If you own land or property next to a river, stream or ditch you are a ‘riparian landowner’ and this document EA Living on The Edge Jun 2013 has been produced to explain your responsibilities. Please take a moment to read it.
In General: everyone with land adjoining the river (or its feeder streams) needs to ensure these are kept clear of debris and vegetation. Vegetation and grass clippings etc. should NOT be dumped in the stream – the rotting process removes oxygen from the water and kills the wildlife. A “healthy” stream tends to look after itself and doesn’t smell! But the big risk is debris: during high water levels, this can get swept off and catch on other bridges etc. to form a barrier. At peak flows within its banks, the river Hart is flowing at 600Litres/second! So water levels can very quickly build up as they did in 2006 (tbc).
Pond clearance: It’s important that people take responsibility for their areas of Riparian management and work with neighbours where help is needed or the job is shared. A fantastic example of this was the recent (Sept 2014) Well Road Pond Clearance Sept 2014. Residents clubbed together to organise the dredging (and the associated Environment Agency licence – everything has paperwork these days!). The Parish Council contributed to the cost and the job was done very efficiently by a local contractor. Just to be clear, you don’t need a licence for minor works along your piece of riverbank. If there’s any doubt please ask.
Hart Flood Forum and Associated Activities
The Hart Flood Forum was convened by Cllr Crookes to draw together the affected Parishes (Crondall is not alone: Odiham and Dogmersfield also have significant issues) with the main authorities: the Environment Agency (EA), Thames Water (TW), Hart District Council (HDC), and Hampshire County Council (HCC) Highways.
The Forum meets quarterly and helps to draw together and share Parish experiences, solutions and issues. The arrangement also helps to set actions and assert a little more pressure than might be achieved in a standalone capacity. However, we must remain aware that the Forum is voluntary for the participants and hence persuasion is the order of the day.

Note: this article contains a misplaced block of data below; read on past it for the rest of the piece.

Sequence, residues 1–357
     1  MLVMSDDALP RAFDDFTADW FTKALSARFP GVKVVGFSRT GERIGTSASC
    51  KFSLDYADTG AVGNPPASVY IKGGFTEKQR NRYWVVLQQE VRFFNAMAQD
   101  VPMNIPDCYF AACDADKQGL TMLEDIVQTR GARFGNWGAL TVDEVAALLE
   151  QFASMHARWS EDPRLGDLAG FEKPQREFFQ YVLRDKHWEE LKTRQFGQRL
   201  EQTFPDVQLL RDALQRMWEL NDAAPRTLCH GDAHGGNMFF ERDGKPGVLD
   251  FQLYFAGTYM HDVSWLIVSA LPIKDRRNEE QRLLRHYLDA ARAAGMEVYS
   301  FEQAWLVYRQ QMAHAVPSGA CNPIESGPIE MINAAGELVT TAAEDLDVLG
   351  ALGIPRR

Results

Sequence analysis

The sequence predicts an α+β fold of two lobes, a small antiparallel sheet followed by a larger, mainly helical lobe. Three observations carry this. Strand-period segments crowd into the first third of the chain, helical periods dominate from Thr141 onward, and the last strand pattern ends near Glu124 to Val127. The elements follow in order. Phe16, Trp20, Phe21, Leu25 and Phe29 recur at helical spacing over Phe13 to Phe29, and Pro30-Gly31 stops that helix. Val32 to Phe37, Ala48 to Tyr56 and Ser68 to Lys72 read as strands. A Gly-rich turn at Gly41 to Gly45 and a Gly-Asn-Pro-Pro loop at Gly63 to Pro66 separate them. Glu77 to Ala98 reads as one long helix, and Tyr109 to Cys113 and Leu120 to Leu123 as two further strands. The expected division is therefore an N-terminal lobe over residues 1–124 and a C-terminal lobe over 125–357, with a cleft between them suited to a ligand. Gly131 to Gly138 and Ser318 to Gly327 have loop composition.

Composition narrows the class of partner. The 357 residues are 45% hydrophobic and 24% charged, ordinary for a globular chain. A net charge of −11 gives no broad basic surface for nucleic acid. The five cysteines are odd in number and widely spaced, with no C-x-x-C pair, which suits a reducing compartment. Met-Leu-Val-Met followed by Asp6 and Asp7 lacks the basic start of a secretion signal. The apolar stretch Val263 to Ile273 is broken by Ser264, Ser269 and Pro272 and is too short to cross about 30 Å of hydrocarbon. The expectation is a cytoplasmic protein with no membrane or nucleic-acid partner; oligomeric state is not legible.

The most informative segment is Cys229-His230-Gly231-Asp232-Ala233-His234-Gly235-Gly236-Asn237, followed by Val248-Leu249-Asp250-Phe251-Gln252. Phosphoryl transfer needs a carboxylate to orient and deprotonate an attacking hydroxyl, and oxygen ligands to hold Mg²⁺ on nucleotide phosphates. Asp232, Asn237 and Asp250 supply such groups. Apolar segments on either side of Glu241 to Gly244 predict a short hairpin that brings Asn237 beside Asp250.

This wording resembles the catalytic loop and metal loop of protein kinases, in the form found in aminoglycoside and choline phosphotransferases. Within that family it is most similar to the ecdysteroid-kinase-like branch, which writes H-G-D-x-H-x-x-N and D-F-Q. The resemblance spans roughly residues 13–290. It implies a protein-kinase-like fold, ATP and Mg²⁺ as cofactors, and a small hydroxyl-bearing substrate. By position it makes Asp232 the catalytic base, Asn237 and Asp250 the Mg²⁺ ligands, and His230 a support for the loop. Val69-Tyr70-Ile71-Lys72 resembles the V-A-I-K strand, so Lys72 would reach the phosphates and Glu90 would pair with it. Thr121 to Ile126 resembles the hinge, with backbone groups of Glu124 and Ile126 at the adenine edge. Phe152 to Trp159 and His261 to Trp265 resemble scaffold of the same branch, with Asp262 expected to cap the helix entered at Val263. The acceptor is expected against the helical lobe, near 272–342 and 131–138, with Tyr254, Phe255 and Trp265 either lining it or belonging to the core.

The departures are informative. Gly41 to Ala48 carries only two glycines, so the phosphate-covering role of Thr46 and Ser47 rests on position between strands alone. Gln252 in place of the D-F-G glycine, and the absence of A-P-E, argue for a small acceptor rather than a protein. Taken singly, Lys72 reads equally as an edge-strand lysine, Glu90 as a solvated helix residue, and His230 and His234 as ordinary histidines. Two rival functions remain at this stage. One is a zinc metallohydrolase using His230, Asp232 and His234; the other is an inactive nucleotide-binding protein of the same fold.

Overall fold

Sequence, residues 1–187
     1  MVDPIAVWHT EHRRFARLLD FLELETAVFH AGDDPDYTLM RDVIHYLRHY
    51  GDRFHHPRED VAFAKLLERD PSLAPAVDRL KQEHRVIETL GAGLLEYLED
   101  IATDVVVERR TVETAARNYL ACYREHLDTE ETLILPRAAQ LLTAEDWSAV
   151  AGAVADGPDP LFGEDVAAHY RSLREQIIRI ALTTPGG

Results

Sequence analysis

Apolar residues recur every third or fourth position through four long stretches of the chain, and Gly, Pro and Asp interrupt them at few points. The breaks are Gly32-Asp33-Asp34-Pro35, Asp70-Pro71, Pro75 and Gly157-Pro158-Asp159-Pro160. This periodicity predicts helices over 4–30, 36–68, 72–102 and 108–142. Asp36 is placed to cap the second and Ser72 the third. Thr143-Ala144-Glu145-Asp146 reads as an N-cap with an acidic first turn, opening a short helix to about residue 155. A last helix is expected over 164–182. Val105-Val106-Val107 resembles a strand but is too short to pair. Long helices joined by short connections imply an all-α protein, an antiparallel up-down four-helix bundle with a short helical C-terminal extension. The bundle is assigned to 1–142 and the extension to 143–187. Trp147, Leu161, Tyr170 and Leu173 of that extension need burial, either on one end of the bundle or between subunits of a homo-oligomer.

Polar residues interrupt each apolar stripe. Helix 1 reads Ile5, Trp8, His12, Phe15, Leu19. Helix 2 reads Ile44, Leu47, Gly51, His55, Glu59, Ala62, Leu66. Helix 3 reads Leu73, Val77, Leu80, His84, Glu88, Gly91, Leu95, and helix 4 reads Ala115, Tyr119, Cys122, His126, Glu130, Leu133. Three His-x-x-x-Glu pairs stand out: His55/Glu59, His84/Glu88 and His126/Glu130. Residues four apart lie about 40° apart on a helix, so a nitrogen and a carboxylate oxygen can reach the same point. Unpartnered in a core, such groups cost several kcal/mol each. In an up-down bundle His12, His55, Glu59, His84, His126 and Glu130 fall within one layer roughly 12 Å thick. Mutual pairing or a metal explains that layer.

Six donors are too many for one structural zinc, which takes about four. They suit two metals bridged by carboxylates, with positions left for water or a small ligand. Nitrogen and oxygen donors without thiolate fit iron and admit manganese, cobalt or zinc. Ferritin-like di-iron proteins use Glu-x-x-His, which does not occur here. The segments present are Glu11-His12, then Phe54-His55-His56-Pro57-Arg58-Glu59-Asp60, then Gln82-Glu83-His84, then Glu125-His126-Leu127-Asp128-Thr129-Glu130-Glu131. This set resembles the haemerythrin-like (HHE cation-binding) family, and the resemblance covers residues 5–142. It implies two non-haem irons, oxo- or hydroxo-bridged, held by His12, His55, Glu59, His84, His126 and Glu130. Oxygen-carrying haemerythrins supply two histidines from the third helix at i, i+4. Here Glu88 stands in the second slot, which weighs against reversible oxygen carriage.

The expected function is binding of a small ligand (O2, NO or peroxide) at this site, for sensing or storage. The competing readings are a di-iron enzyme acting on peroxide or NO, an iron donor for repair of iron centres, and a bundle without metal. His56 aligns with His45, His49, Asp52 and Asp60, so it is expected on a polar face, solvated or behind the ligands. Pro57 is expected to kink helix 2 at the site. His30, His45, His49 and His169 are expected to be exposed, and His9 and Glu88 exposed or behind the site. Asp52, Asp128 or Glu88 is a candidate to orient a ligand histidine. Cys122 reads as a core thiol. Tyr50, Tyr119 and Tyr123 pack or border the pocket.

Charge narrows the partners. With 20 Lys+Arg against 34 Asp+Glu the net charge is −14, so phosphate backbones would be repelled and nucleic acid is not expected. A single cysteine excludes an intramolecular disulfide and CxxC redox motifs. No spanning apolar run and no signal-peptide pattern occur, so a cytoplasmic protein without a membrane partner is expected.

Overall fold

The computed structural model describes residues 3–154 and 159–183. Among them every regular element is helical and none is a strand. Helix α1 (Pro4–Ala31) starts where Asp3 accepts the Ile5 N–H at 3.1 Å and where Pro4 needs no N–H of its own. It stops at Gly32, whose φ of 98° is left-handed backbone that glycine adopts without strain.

Thames Water Activities
Thames Water is responsible for the Sewer system in Crondall. Crondall was placed on “mains” sewage in the 1950s, with most houses connecting up over the years. The sewer drains to a “pool” and pumping station on Pankridge Street, from where it’s pumped up to a standalone treatment works behind Handcroft Close. The processed discharge is then returned to the River Hart.
During winter 2013/14, the sewer became overfilled (“inundated”) with ground/perched water ingress causing back-flooding for various houses. The usual effect was for sewage to leak from unsealed manholes into front gardens and then percolate under shallow (and ancient) foundations.
Thames Water learnt a lot from the events of that winter (2013/14) and now have more robust contingency plans in place. But they have also been active and highly cooperative with the Hart Flood Forum and CFAG to work over the summer to identify the causes and fix/mitigate them. It’s a challenging task, as Crondall is not at such high risk (combining probability and impact) as some other areas of the Thames Water area. The harsh reality is that resources will go to where they’re needed most. BUT, CFAG has maintained pressure and together with Thames Water there have been some successes:-
- Several walkabouts of the village to identify trouble spots
- A high pressure cleaning of the main sewer
- Camera survey of the main sewer (its cast iron and in good condition, even for its age!)
- A high-accuracy survey of high-risk houses to determine their suitability for Non-Return valves
- Specific repairs to issues noted by camera and walkabouts to minimise ground/perched water ingress into the system
- Fitting of new “impellers” to the pumps to make them les prone to “ragging” (the collection of rags and other materials on the impeller reducing its efficiency)
- Development of an improved model to help identify the trouble spots
- Planned installation of a depth monitor to improve the accuracy of the modelling
Also see Thames Water website
Environment Agency Activities
The Environment Agency (EA) has installed Water Level Monitors at 2 locations (the links take you to the EA website):
These monitors provide a standalone warning service to registered users. If you go to the EA website (Flood Warnings Direct) then you can register to have text, voice or e-mail warnings of high water levels in the River Hart. The system is relatively simple and triggers the warnings once a threshold level has passed, BUT the EA are considering removing this due to low sign-up rates, so please take a moment to register.
Incident reporting. As we try to make better sense of the wide range of flood risks that we face, we have tried to ensure that any flood events are properly recorded. This is of great benefit to the modelling teams (operated by EA and TW).
Hampshire County Council (HCC) Highways Activities
To be completed